Russell Duncan was a photographer and explorer who was primarily interested in researching Captain Cook’s voyages to New Zealand. He embarked on several expeditions that retraced Captain Cook’s voyages. In 1902 he travelled around Queen Charlotte Sound and presented his findings in an informative lecture for the Hawke’s Bay Philosophical Institute that same year. Then, in 1910 Duncan headed a month-long expedition around the Dusky Sound with Mr Walter McCarthy, a geologist, and Mr F. G. Smith, a naturalist. The aim for this trip was to find the locations described by Captain Cook during his voyage in the Dusky Sounds and to chart the locations’ historical associations. The photographic album containing 53 albumen prints in the Auckland Art Gallery Toi o Tāmaki’s collection is the product of this 1910 trip. The photographs document the group’s trip to Pickersgill Harbour, Cascade Cove, Sportsman’s Cove on Cooper Island, Supper Cove, the Seaforth River, Facile Harbour, and the wreck of the old Endeavour.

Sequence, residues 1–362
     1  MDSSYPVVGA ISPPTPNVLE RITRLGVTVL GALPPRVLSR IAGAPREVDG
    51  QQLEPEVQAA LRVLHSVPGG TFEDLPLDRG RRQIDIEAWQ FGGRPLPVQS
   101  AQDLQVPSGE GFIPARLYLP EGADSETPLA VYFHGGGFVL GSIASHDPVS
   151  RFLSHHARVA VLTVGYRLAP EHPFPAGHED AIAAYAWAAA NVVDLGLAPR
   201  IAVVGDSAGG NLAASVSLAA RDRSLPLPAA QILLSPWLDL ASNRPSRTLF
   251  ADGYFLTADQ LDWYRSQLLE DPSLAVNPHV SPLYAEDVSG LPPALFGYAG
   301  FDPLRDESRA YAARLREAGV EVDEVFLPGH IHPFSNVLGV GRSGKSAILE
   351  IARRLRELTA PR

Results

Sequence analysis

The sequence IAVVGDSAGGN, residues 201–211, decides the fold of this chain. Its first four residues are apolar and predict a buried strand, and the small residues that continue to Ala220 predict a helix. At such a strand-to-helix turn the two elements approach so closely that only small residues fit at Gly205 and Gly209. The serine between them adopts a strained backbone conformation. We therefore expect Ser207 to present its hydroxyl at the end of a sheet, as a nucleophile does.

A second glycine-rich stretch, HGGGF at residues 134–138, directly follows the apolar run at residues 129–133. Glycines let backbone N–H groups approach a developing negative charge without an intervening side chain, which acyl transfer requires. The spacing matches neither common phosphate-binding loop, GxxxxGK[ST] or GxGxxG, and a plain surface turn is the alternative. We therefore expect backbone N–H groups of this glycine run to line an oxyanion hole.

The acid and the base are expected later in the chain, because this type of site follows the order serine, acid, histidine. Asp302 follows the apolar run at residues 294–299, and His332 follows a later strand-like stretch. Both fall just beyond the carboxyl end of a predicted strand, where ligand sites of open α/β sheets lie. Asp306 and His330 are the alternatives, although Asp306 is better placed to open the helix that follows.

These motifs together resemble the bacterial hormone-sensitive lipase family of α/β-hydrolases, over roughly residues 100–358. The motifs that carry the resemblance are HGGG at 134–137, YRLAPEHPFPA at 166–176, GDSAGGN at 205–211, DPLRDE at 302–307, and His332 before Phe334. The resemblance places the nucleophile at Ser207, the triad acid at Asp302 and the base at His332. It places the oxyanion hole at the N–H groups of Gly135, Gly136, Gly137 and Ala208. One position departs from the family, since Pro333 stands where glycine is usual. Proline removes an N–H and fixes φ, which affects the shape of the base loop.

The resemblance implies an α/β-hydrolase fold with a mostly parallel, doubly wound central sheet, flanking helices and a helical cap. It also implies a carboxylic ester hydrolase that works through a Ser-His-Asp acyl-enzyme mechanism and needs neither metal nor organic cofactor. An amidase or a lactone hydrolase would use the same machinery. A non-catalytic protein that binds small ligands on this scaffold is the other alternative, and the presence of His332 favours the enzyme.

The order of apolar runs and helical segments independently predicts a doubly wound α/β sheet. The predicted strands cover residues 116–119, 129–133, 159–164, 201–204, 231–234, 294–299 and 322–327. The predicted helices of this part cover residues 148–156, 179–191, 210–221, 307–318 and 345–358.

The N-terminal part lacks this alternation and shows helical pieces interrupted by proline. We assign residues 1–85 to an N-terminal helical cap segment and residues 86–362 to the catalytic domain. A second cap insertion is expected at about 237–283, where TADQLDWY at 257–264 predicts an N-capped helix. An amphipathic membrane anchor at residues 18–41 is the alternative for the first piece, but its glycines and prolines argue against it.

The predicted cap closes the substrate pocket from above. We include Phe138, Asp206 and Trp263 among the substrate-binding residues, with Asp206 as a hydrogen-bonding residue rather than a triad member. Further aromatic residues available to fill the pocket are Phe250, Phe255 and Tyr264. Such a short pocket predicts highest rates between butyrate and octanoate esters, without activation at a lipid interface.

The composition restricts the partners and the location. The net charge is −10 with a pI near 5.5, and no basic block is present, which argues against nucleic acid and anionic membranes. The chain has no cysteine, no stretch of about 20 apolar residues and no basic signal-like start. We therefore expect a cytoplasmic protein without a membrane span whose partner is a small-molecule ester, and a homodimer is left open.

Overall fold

Duncan's interest in Captain Cook was part of a wider contextual movement in New Zealand at the end of the 19th and beginning of the 20th centuries in which the stories of Captain Cook’s voyages were celebrated to construct a sense of history and national identity particular to colonial New Zealand.
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